March 9th…“WHAT WERE YOUR FAVORITE RADIO PROGRAMS?”
STOP WHAT YOU’RE DOING!!!! I’d like you to theoretically set aside your myriad of digital gadgets and megawhitzlwookies and travel with me to a time that my grandparents knew. There was a miracle about to happen in my grandparent’s generation that we enjoy to this very day. For their generation, it was a time without something called a radio in the home, and on the farms, of American rural life……a time without even electricity to power up a radio even if they had one!! I marvel to contemplate how quiet life must’ve been back then….it truly is a peaceful thought to conjure. My maternal grandfather, Clarence Martin Sletten, entered this world in 1895, and upon his first days of life, it was also to be the same year that an Italian inventor brought radio to life for the first time. Even the very word “radio” is interesting to muse upon. Its genesis comes from the Latin word, “radius” (similar to the spokes of a wheel, or beams of light emanating in all directions). Early pioneers of this medium added the word “phone” to radius, calling it a “radiophone” so that it colored the definition to mean “radiated sound”.
Of course, even though radio came to life in the same year of my grandfather’s generation, many country folk could not enjoy it until the late 1930’s when “The Rural Electrification Administration” finally ran power lines to farms across our great land. To our generation of today, radio is taken for granted, yet, in its infancy, I’m sure early generations were spellbound with amazement! Ponder this, a person in New York City is standing in front of a box-like piece of metal (large microphone) and when he speaks, his words are magically flown across the country to San Francisco, California where they are heard and enjoyed as those spoken words come out of a receiving radio speaker in that State. That’s a journey of almost 3,000 miles in a blink of time. I’m sure our elder generation were agog with questions about how this almost magical machine could perform such a feat.
Stepping back into our time machine, we fly forward to the year of 1967 as the first 13 years of life whizzed by on our farm there in southern Minnesota. Back in our farm days, I mainly enjoyed the radio that Dad always had playing in our barn while milking our herd of Holstein cows. Our father found that, not only did the radio entertain him, but it tended to make the cows relax and “let down” more milk for us to sell to the creamery nearby in Kiester. Oh sure, I enjoyed the “top tunes” of the day, but did not have a regular favorite radio program to listen to.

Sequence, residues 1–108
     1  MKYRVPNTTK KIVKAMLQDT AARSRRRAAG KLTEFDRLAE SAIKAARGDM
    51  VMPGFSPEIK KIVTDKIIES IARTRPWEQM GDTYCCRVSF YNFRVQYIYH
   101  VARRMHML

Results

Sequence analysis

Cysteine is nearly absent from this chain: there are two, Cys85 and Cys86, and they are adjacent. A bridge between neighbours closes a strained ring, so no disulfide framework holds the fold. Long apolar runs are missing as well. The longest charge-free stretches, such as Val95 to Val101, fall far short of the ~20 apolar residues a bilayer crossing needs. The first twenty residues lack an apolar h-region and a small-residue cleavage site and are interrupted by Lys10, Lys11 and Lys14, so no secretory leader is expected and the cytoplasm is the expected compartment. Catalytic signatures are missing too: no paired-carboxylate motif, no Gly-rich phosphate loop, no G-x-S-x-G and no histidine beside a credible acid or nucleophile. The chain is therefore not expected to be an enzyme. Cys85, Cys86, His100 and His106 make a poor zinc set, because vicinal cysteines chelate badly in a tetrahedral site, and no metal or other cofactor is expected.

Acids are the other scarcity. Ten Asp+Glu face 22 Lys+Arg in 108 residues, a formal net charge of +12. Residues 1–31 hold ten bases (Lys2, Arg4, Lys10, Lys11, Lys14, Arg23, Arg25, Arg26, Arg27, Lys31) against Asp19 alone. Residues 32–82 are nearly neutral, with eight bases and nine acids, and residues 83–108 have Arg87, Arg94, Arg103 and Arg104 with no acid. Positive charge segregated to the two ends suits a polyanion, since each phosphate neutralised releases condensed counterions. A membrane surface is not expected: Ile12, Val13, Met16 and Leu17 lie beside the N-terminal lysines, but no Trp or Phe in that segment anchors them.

After our family moved to the West Coast and once life had settled in our new surroundings of Battle Ground, Washington, I came across the radio ministry of Dr. John G. Mitchell. Pastor Mitchell was a co-founder of Multnomah School of the Bible in Portland, Oregon. I was captivated by the deep sincerity of this dear man who often implored his listeners with, “If you’ll only fall in love with the Savior!” On top of his sincerity was the wonderful lilt of his Welsh/English accent as he spoke. His program was one that I looked forward to daily and, if I had the opportunity to see him speak in a nearby church, you could bet that I was in that pew to not only hear my hero, but see him in person. Seeing Dr. Mitchell’s personal study Bible once, I saw that he was living proof a saying that goes, “If a man’s Bible is falling apart, it’s a sure sign that that man is VERY WELL put together!” If I could emulate that dear man of God at even a fraction of how he lived his life, I would be one happy man.
Every Saturday afternoon, at 3pm, I’d tune in to listen to my “smile medicine” in the form of a wonderful variety radio show called, “Prairie Home Companion” based out of Minneapolis/St. Paul, Minnesota. It was a two hour journey into laughter via many happy parodies and even phony commercials for silly companies that didn’t exist; such as “Bertha’s Kitty Boutique” or “Powder Milk Biscuits” or “The Fearmonger’s Shop”. There were hilarious skits, monologues about a mythical town called, “Lake Wobegon, Minnesota” and, of course, lots and lots of great music from all over the world.
With all the sadness that permeates the world around us, this weekly radio injection of joy each Saturday was “just what the doctor ordered” for this Norwegian Farmer’s Son!! 😉